More California Cannabis Companies Sue State Over Revoked Licenses

At least four marijuana companies have sued the state. As they stated, the regulators revoked their provisional licenses without allowing them an independent appeal process. 

Moreover, the Department of Cannabis Control (DCC), which was recently launched, is increasing the number of inspections. According to lawmakers, this can result in lawsuits growing as more companies will state that they were not granted due process after license withdrawal by the DCC. 

Consequently, two of the four cases have been resolved. Authorities restored the companies’ business permissions. The rest of the four are under review.  

Also, industry representatives and lawyers complain that regulators have been slow when giving full permissions on annual marijuana business as ¾ of licenses are still “provisional.”

Industry attorneys noted that the situation could be changed (due process restored) if more involved parties stood up on rules proposed by the DCC. 

Los Angeles attorney Dana Cisneros, a representative of one of the four companies suing the state, noted, “Each person should write and say that DCC has exceeded its scope of authority by enacting regulations that do not grant due process rights to our operators.”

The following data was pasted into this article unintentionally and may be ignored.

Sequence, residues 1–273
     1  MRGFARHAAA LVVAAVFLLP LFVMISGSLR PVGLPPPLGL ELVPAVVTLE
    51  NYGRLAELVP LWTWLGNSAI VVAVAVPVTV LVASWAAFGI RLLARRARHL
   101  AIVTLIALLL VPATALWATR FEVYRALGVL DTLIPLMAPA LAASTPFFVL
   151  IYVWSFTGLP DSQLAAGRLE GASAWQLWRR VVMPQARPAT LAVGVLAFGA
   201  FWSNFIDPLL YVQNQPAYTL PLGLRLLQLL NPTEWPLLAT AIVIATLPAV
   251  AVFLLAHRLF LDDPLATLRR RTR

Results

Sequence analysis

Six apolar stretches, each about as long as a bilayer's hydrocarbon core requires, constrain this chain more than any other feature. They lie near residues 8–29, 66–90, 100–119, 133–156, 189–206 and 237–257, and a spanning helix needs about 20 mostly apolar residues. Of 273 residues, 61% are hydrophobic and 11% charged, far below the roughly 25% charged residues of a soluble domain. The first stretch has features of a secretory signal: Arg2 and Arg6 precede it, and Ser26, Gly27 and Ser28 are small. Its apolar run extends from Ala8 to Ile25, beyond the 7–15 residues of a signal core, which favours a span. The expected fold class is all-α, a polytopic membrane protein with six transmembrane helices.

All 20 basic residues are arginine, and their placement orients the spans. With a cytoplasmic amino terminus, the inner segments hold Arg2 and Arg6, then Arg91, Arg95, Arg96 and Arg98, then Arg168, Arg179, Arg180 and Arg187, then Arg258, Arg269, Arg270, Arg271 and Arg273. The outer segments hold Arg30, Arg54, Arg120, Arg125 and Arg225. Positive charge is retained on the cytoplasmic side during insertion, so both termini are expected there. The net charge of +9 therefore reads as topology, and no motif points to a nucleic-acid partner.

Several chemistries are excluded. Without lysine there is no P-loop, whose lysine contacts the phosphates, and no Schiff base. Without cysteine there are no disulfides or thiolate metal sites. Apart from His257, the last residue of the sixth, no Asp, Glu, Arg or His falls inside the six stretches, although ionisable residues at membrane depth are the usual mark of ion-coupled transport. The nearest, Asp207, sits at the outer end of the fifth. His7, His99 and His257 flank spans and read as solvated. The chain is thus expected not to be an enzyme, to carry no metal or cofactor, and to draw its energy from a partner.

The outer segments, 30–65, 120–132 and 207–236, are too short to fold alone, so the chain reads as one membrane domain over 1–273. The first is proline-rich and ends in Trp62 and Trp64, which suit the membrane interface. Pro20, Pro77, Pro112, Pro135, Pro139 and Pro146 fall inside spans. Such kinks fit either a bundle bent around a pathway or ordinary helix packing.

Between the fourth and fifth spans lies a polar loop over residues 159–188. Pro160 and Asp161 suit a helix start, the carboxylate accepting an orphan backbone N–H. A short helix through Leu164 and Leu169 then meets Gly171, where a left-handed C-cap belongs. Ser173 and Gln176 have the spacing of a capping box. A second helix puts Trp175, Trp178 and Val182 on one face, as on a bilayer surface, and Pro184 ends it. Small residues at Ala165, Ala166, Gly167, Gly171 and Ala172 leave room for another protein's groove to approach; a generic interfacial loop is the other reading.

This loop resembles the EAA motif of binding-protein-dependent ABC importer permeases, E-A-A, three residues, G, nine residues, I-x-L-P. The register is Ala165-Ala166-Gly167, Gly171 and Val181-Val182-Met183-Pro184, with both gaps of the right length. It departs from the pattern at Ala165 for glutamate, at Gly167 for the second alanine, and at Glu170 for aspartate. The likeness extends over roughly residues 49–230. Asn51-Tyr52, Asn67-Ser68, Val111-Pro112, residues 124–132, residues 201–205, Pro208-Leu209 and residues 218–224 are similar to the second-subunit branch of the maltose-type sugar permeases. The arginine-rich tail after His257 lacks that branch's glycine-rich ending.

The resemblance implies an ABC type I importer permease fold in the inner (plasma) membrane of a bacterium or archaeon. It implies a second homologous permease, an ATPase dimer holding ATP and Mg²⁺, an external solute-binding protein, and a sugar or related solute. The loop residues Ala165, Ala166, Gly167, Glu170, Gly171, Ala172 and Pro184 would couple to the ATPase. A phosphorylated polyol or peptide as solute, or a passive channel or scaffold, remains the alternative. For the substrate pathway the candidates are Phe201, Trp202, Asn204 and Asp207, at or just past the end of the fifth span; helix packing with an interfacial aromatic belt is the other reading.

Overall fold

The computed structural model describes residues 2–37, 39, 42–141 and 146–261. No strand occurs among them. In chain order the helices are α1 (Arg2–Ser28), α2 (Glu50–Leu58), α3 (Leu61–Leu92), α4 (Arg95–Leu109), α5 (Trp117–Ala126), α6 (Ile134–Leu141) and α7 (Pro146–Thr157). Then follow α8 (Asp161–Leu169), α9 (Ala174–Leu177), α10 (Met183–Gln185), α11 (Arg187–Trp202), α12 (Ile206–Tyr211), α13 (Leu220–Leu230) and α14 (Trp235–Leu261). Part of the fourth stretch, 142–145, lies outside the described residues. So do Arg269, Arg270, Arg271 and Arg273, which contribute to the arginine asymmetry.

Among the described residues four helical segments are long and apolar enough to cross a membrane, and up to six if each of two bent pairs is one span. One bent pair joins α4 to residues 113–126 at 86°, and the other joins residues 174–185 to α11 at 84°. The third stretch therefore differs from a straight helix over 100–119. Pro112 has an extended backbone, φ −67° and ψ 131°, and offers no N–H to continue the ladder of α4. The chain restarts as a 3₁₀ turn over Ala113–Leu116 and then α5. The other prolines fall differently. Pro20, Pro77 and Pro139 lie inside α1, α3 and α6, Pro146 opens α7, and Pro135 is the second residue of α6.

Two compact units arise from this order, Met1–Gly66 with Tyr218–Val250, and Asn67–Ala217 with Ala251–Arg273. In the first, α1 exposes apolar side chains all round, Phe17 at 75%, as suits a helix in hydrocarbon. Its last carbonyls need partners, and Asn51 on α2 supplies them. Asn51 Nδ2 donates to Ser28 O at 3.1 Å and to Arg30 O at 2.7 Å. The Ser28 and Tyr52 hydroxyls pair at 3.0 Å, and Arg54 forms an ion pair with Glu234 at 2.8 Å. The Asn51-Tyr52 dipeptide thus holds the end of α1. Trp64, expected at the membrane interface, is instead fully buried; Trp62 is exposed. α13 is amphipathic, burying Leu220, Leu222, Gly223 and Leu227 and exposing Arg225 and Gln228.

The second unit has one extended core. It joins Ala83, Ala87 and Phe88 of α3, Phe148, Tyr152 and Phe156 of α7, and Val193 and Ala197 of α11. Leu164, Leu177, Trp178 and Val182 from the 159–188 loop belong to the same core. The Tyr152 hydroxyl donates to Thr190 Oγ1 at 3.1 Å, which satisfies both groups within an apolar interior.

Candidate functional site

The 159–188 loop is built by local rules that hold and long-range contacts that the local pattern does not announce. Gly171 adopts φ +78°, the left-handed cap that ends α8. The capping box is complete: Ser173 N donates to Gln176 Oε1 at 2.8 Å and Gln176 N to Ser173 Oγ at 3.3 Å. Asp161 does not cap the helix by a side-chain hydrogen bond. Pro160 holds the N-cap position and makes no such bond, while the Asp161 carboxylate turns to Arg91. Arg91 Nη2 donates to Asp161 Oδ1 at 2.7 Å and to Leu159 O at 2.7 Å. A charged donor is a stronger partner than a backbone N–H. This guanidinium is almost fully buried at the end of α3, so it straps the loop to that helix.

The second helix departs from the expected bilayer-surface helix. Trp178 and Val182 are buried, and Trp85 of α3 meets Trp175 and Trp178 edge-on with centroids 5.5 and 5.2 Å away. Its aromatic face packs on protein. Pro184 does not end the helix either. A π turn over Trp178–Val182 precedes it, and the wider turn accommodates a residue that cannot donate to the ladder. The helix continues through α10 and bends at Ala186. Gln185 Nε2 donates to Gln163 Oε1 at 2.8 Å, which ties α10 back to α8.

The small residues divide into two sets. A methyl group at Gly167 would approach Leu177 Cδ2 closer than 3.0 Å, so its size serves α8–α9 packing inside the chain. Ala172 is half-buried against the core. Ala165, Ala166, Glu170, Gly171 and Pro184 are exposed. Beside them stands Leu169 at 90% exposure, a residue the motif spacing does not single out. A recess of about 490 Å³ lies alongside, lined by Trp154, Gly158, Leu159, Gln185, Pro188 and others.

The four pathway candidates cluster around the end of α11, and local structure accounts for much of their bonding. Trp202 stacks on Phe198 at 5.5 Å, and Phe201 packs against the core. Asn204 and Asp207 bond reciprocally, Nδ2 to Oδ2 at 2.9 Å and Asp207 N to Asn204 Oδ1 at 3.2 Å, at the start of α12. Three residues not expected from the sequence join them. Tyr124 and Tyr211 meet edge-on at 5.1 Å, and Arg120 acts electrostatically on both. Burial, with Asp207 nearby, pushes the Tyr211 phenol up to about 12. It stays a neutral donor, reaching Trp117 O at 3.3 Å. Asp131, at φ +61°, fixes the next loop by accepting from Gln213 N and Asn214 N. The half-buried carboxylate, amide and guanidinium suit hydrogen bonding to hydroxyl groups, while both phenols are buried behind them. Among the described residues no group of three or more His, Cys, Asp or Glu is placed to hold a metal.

What is the Situation?

As the DCC stated, as of September 15, there were 11,642 active cannabis business licenses in California. 2,929 of them were classified as “annual” licenses. The rest 8,713, were provisional licenses. There is a lower threshold for businesses to obtain such a license. Holders of provisional licenses are not afforded due process rights. Annual licenses, instead, have stricter requirements, including compliance with state environmental laws. 

Provisional license holders are vulnerable to the state law as it “permits provisional license revocation, suspension, and denial of renewal at the discretion of (regulators) at any time,” Deputy California Attorney General Patrick Boyne stated. 

What does the DCC say?

DCC spokesperson Christina Dempsey didn’t comment on the lawsuits but wrote an email to MJBizDaily. She noted that the agency is “committed to fair and equitable processes for all licenses.” 

She added, “DCC has filed proposed regulations to establish a process for notifying provisional licensees when their provisional license is at risk of suspension or revocation or their application is being considered for denial.”

According to her, the rules “provide the provisional licensee with the opportunity to provide additional information for consideration or to contest the proposed action.”

As she stated, the DCC “utilizes a progressive discipline model and routinely works closely with applicants and licensees to correct deficiencies, prior to taking further enforcement action, when the deficiencies do not threaten public health, public safety or the integrity of the marketplace.”

According to attorneys, this doesn’t protect the interests of provisional licenses holders.